- Then argue that as long as a solution can be accessed within their app via pull-down menu options and a single sign-on, then how it’s integrated should be of no consequence to its financial software users.
- Later, they’ll tell us that they built their own FULLY integrated tool that will do more than any competitor’s solution.
In the end, every material financial software vendor will need this functionality. How fast they get there is vendor-specific. And, how powerful these all-in-one solutions will be initially (e.g., can the software interrogate big data files to assess how revenues could be impacted by recent social sentiment data?) should be interesting to watch.
#3 – It triggers M&A deals
Dennis and Phil already wrote about Workday’s investments in Anaplan and Tidemark. But there is also plenty of traditional big VC money in the firms that operate in this space. This could be a prime time to monetize those investments by selling one of these firms to a larger ERP vendor. I can already hear the rustling of deal papers right.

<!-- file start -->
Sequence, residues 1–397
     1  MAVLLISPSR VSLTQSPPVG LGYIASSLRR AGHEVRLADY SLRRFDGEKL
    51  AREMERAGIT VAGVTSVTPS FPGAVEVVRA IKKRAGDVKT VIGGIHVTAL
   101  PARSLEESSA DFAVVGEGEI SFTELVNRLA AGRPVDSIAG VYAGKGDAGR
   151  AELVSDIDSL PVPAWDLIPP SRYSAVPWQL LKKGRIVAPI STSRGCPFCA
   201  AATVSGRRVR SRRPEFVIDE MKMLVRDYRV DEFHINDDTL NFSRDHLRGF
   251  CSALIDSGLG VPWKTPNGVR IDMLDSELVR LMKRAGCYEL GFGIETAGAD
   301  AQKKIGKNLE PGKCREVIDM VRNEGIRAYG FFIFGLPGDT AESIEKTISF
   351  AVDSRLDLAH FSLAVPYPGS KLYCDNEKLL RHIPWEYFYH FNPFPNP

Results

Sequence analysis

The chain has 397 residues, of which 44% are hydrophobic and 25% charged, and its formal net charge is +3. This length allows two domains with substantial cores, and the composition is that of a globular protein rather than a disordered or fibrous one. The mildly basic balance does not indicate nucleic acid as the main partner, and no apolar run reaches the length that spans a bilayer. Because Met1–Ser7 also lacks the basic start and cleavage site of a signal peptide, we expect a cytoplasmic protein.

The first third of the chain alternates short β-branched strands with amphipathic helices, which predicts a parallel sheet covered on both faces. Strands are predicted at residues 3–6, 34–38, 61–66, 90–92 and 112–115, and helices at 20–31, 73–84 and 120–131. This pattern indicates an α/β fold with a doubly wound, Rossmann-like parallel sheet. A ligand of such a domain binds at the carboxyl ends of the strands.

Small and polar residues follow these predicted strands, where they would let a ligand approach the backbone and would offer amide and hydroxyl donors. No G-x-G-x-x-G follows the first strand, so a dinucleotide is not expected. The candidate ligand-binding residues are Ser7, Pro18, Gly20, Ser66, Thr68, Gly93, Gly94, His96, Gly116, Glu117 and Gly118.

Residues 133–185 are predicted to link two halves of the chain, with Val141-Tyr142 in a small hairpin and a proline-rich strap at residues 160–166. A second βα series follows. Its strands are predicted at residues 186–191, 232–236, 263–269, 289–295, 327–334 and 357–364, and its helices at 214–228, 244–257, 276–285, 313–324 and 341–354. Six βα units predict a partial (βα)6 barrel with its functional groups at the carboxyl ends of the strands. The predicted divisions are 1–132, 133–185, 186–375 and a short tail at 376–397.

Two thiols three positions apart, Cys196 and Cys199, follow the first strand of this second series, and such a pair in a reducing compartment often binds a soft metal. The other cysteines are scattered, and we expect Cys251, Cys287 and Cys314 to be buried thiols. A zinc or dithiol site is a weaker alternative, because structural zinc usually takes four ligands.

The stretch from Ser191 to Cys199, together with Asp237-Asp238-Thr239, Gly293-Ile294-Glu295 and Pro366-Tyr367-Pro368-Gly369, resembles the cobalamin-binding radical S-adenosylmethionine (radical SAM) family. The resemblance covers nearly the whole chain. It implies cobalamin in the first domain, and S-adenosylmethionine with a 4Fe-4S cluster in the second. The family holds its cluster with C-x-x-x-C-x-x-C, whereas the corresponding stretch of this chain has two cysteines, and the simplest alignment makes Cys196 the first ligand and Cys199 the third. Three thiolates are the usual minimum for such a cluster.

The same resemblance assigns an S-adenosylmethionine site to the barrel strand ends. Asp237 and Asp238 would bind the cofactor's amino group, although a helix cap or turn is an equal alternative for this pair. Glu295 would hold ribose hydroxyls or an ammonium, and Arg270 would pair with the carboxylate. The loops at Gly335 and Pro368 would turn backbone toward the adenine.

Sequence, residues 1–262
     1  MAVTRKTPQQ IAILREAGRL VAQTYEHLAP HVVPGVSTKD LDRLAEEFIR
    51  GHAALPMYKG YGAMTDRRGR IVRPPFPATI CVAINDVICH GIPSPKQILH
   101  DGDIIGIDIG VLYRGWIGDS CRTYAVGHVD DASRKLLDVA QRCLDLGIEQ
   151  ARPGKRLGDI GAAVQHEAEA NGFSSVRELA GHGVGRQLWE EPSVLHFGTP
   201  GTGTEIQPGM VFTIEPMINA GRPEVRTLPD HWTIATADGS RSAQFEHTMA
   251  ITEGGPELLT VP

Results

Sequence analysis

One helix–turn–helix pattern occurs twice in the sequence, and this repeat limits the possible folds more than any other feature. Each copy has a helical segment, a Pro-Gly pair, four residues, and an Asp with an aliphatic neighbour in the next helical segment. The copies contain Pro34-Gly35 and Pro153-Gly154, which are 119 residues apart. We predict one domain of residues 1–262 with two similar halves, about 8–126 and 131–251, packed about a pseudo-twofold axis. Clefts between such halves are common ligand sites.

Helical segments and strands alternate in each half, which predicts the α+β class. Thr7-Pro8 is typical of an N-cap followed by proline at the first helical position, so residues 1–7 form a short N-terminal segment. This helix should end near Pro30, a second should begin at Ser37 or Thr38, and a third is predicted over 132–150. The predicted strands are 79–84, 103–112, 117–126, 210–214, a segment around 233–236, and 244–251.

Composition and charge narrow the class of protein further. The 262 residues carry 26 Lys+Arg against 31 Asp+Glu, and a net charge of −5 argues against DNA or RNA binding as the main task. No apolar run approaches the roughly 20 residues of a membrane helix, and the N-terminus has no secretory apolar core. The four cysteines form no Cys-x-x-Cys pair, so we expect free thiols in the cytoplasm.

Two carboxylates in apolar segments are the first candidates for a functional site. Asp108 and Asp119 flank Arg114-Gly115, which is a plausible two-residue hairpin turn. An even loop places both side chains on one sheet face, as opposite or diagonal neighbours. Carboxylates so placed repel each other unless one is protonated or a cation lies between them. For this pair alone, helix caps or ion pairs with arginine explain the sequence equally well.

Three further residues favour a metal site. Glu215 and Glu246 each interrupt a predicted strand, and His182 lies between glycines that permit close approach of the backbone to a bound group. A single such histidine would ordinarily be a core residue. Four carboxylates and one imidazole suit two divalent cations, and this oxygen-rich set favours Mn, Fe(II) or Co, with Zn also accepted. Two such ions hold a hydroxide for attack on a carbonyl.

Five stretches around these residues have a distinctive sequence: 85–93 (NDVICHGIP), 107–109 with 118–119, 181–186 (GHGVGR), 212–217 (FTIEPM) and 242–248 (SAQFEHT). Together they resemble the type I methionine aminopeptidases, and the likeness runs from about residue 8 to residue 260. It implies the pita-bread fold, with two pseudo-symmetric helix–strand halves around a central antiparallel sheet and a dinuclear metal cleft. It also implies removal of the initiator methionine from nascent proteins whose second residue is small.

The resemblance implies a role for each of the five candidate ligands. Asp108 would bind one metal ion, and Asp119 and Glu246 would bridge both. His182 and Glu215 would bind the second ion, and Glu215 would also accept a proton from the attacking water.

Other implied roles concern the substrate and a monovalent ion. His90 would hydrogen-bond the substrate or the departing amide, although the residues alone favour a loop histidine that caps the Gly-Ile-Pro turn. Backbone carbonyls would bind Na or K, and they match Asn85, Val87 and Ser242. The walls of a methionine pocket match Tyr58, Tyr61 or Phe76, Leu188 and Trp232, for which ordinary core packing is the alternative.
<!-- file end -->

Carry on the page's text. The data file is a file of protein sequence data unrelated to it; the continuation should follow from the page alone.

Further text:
An exit strategy for a venture backed firm is always desirable. The only questions to exiting are when and at what valuation. There are a small number of vendors to acquire and the universe of potential buyers isn’t that big either. So, the first firm to get shopped may have an advantage. I wouldn’t want to be the vendor that will always be the acquisition bridesmaid but never the bride.
Interestingly, Workday may benefit twice from this as it will have its own solution to cross-sell to its pre-existing and future subscribers while it could make a capital gain from the sale of its investments in firms in this space. Or.... Either way, it's nice to be Workday right now. ;)
#4 – It redefines what budgeting and planning can and will be
I gave an example above about how so-called 'Big Data' will need to become part of budgeting/planning solutions. This is already becoming a hard and fast business requirement as firms are using other data sources to pre-populate or validate planning data.